The owners of Vino Vitae welcome newcomers and connoisseurs alike to the wide world of wine appreciation. They constantly research wines, sharing bottles not typically found in the aisles of grocery stores with groups during classes and tastings held indoors at their shop's bar or, in warm weather, on an outdoor patio. Guests may learn how to describe the scent of wine using an aroma wheel, how to judge quality, and other skills.
Llywelyn's menu introduces an impressive assortment of traditional pub classics to salads, flatbreads, wraps, and ambitiously portioned sandwiches. Start with an order of Welsh potato chips ($3.95); flaky, fried Irish pies ($7.95); beer-battered fried pub pickles ($7.25); or the much-talked-about chicken chili ($4.95 for a bowl). Then wrap mouth muscles around fish and chips ($10.25): two beer-battered and fried cod fillets served with house-made tartar sauce. From meaty chunks of lamb, potatoes, carrots, mushrooms, and green beans swimming in Guinness-Jameson stock ($9.95) to shepherd's pie ($10.95), the selections side well with a sudsy sip. The beer menu includes an exhaustive library of selections by the draft or bottle. Llywelyn's also offers a menu of kid-friendly fare.
• For $25, you get a ticket for seating in sections 107–112 (a $49.50 value before fees, or up to a $62.05 value online, including all Ticketmaster fees). • For $45, you get a ticket for seating in section 104 or 115 (a $99.50 value before fees, or up to a $113.25 value online, including all Ticketmaster fees).
In his 2010 review, Riverfront Times reporter Ian Froeb revealed the origin of Ernesto's Winebar?s distinctive name. Instead of honoring a chef or long-lost relative, the name pays homage to the owners' love for Ernest Hemingway's simplistic style. Chef Stephanie Hay has risen to the challenge, translating the clean complexity of The Sun Also Rises or the masculine energy of Green Hills of Africa into a menu of tapas and hearty entrees. Diverse flavor profiles mimic Papa Hemingway?s wanderlust, corralling global flavors including chili lime, wasabi tobiko, and even red pepper sauce to create festive tapas such as the truffle-infused grilled cheese, which was named the best grilled cheese of 2010 by Riverfront Times.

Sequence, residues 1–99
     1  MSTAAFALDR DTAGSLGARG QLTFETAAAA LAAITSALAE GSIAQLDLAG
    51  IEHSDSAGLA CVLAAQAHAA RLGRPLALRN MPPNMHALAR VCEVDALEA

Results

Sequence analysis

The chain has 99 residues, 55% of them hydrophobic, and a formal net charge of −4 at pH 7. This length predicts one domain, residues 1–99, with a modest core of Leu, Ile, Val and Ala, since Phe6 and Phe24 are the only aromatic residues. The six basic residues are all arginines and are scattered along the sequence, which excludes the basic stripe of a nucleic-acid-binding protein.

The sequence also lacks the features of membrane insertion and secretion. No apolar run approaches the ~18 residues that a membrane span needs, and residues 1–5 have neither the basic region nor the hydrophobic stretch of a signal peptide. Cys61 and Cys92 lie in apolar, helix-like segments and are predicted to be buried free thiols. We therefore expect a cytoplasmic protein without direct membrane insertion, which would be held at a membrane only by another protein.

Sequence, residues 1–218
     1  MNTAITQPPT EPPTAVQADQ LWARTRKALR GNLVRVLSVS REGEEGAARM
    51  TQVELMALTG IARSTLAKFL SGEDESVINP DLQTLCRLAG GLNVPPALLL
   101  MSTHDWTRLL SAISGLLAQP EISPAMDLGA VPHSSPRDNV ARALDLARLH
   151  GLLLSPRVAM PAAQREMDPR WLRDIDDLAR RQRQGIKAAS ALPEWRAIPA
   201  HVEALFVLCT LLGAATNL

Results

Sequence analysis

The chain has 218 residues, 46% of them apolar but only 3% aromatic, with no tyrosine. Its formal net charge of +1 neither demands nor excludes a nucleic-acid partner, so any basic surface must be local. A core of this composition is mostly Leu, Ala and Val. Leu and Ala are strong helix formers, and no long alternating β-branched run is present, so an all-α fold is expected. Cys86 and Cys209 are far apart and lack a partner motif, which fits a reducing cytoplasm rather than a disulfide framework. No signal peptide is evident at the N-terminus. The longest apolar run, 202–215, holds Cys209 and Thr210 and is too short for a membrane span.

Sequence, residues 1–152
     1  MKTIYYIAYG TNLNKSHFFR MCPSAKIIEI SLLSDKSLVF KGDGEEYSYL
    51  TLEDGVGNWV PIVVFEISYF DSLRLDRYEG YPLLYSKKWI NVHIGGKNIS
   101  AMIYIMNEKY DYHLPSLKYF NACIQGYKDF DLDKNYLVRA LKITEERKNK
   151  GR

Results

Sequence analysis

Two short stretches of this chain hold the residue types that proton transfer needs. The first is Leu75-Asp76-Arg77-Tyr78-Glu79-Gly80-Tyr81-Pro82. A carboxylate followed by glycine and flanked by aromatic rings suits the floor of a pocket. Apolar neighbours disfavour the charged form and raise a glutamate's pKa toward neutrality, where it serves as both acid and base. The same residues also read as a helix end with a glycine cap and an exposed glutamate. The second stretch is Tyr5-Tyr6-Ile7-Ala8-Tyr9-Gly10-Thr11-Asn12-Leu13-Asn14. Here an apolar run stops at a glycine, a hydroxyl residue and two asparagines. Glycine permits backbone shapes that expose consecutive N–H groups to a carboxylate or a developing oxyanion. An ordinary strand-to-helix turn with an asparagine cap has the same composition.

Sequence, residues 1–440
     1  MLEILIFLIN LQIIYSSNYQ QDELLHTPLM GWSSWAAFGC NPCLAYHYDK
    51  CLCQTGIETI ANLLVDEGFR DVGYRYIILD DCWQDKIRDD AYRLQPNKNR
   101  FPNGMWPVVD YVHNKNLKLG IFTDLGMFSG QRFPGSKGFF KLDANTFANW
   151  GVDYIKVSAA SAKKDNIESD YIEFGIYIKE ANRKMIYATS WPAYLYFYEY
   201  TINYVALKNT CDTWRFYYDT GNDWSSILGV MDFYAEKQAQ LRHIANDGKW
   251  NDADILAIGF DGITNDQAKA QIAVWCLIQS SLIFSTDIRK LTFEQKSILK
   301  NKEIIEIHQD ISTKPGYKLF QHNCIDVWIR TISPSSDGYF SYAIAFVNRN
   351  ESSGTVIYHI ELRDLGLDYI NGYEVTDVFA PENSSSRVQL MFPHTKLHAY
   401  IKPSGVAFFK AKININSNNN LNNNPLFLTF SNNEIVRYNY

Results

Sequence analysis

The cheese-and-charcuterie menu details hearty repasts from all corners of the globe, with plates of smoky blue cheese from Oregon and salchich?n white pork from Spain joining notes of green peppercorn, tomatillo, and even brown sugar for nods to Latin America and the Mediterranean. Ernesto's has also gone to great lengths to locate wine varietals from France, Germany, and Spain for pairing with large steaks and seafood entrees delicately saut?ed in a wide array of wine sauces.
Ernesto's butter-hued walls appear to melt in the light from wall sconces and flickering red candles. Above lush hardwood paneling, several framed photographs offer a glimpse of Hemingway at his most virile??aggressively writing at his desk, and using a large steak as a body pillow. For a touch of warmth during fall weather, patrons can also retreat outdoors, where a mammoth brick fireplace casts rich glow on Ernesto's sleek cobblestone patio.
The chefs at D's Place add their own spin to three classic pub staples: wings, pizzas, and burgers. They toss their traditional and boneless chicken wings in 14 sauces, including Atomic and lemon pepper, and top pizzas with ingredients such as whole pieces of roasted garlic, and hamburger. When not sprinkled onto pizzas, hamburger meat arrives in the form of half-pound patties.
Glasses rise in toasts full of domestic beers and cocktails in the exposed-brick dining room. After meals, guests can enjoy weekly rounds of karaoke and trivia, vie for a hole in one during games of PowerPutt, or play rounds of skeeball for rewards such as free beer or pizza.
After becoming the full-fledged proprietor of Soulard's Restaurant, Tim Badock fused his family restaurant's tradition of serving upscale homestyle fare with an approachable yet elegant dining space. Head chef Russel Byers draws inspiration from New Orleans cuisine to conjure up plates of expertly seasoned seafood and succulent steaks and poultry, as well as fresh salads and hearty sandwiches. In the main downstairs dining area, oceans of warm light bathe marble-topped bars and ruddy brick walls as two suits of armor stand guard at the fireplace to protect diners against Santa Claus infestations. Upstairs, a private dining area dazzles eyeparts with views of St. Louis's picturesque brickscapes and parabolic Gateway Arch.